Fjøsanger is known among ice age researchers from around the world. Under an excavation in 1975-77, geologists from the University of Bergen found layers from the last interglacial, ca. 115 000 to 130 000 years old.
The unusual bog landscape, with enormous peat deposits surrounded by steep mountainsides, makes Reppadalen in Arna an exciting, but little visited tour destination for most of Bergen's inhabitants. Those who live in Arna, however, know to make the most of its beautiful natural splendour.
Where the school and the sports facility lie at Eidsbøen there was previously a bog surrounded by small hillocks. More than 1000 years ago this was a holy place, where the dead were buried.
Even though we know of several hundred burial places from the Stone Age in Hordaland, we do not often hit on the Stone Age Man himself. But there are a few.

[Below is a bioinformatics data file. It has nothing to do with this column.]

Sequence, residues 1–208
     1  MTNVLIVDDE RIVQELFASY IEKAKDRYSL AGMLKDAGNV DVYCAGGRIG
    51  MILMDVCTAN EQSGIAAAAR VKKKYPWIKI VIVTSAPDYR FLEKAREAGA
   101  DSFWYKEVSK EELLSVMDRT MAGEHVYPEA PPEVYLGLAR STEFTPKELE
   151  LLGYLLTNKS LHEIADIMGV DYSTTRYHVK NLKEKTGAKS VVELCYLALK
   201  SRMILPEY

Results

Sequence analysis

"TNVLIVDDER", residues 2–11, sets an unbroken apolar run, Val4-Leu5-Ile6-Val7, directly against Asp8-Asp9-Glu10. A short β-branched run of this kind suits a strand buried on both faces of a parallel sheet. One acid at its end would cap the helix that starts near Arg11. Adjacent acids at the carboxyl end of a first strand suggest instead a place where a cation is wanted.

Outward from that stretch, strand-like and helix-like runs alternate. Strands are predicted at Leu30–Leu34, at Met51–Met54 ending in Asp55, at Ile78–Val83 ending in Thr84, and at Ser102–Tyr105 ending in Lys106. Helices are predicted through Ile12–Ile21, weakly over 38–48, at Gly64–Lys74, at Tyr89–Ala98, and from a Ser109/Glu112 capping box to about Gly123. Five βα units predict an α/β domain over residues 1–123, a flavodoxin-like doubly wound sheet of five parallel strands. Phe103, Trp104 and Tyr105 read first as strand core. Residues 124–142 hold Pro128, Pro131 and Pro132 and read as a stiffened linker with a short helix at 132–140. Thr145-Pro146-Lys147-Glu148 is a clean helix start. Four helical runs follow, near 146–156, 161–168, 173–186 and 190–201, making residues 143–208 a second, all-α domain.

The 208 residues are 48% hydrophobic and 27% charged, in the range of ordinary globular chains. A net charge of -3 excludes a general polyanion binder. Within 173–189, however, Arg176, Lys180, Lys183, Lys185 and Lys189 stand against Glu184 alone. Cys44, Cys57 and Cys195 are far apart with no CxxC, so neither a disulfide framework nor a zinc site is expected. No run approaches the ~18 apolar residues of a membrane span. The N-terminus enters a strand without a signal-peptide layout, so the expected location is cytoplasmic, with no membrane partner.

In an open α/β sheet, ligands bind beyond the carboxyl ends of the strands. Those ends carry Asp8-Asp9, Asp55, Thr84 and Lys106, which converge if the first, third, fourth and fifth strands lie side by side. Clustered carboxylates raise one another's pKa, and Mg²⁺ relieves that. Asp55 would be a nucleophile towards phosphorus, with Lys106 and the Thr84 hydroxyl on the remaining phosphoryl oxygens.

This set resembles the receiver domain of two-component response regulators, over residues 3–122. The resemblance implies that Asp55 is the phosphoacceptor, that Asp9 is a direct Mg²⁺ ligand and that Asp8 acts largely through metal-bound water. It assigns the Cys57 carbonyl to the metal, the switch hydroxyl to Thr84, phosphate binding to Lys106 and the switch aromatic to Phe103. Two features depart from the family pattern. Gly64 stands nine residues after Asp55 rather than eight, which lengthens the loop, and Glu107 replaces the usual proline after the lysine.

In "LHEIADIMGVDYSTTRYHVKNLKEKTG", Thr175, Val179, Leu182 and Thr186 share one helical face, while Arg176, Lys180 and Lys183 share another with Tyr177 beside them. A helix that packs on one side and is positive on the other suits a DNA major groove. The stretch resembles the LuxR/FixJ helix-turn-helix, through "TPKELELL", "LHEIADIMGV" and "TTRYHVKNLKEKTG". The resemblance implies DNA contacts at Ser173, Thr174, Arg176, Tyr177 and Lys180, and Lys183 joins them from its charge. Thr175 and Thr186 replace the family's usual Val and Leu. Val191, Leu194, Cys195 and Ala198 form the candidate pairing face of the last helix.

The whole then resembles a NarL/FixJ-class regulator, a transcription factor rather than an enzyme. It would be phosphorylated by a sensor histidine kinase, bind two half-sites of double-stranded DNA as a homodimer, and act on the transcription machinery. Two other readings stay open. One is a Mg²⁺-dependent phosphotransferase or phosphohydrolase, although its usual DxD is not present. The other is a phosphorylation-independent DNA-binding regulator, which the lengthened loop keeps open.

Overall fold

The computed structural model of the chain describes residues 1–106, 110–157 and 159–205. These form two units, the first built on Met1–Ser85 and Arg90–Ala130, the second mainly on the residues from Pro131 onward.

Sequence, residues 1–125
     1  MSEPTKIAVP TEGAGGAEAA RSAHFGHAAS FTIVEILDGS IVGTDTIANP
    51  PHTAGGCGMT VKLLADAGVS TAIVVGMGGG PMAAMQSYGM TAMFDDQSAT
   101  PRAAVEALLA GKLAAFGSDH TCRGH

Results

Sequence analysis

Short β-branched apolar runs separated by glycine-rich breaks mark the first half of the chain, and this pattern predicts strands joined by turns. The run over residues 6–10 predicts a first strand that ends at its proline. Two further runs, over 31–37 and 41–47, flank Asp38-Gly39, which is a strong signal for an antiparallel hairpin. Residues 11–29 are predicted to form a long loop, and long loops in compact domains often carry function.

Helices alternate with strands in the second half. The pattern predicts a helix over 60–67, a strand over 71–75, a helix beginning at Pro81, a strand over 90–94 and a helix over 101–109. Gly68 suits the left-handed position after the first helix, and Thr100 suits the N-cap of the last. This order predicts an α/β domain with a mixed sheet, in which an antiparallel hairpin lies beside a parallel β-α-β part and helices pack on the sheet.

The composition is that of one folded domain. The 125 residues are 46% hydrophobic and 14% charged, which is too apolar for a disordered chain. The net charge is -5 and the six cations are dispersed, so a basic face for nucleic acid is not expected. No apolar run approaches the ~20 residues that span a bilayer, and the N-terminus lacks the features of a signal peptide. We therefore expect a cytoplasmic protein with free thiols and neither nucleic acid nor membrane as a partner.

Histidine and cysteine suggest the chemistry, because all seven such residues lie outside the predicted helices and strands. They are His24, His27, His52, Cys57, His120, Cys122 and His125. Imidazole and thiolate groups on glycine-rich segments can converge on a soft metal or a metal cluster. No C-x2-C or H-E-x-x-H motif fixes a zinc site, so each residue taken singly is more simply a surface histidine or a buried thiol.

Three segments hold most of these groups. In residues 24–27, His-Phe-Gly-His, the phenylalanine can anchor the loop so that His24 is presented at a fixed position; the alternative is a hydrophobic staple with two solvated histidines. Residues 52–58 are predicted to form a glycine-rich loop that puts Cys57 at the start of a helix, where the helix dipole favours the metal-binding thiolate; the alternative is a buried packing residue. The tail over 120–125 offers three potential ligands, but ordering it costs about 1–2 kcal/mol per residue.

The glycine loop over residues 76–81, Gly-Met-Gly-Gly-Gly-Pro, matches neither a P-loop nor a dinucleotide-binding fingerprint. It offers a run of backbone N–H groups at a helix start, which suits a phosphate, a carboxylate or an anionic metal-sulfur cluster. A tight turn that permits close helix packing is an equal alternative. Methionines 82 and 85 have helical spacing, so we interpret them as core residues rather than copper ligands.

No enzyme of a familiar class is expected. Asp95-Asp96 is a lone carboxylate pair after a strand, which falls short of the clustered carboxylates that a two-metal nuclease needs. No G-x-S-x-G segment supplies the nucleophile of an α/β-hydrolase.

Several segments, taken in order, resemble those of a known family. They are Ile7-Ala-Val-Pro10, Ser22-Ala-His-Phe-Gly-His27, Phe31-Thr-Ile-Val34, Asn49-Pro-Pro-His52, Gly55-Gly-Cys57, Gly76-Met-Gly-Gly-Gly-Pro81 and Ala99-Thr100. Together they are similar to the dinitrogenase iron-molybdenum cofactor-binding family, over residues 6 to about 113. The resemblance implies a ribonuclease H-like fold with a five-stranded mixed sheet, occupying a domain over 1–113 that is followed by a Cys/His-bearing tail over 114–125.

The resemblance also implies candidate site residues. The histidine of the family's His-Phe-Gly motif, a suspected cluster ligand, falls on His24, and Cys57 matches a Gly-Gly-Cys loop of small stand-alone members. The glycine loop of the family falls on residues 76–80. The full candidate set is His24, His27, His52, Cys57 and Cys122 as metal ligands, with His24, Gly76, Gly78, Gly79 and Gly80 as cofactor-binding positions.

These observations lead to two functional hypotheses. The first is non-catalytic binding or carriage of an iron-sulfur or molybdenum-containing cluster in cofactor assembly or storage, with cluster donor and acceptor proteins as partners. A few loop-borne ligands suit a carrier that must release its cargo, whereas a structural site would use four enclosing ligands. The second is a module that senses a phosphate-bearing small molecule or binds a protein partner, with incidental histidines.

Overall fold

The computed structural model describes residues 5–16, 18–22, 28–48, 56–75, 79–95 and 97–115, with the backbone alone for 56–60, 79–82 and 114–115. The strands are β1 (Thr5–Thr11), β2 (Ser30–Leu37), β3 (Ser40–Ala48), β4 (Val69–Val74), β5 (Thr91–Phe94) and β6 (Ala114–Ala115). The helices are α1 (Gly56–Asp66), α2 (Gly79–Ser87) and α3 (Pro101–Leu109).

Some of the giant trees in Hopslia north of Holme Fjord are as much as thirty metres high. Elm and ash are the most common, basswood somewhat rarer. Relatively soft bedrock, good growing conditions and enough light, help them to thrive just here.
On the east side of Lake Skjelbreidvatnet, clearly visible along the road from Eikelandsosen, we notice a farm on a terrace above a grassy hill. The hill has the form of a broad shield; Skjelbreid (" Broad Shield") is the name of the farm.
Yddal is one of the biggest and finest pine forest areas in the county. The rich forest resources provided an important foundation for the settlement of Yddal. Up until about the 1950s, there were three farms here. Where the lumberjacks couldn't get to, the trees grew very big and can be over 300 years old.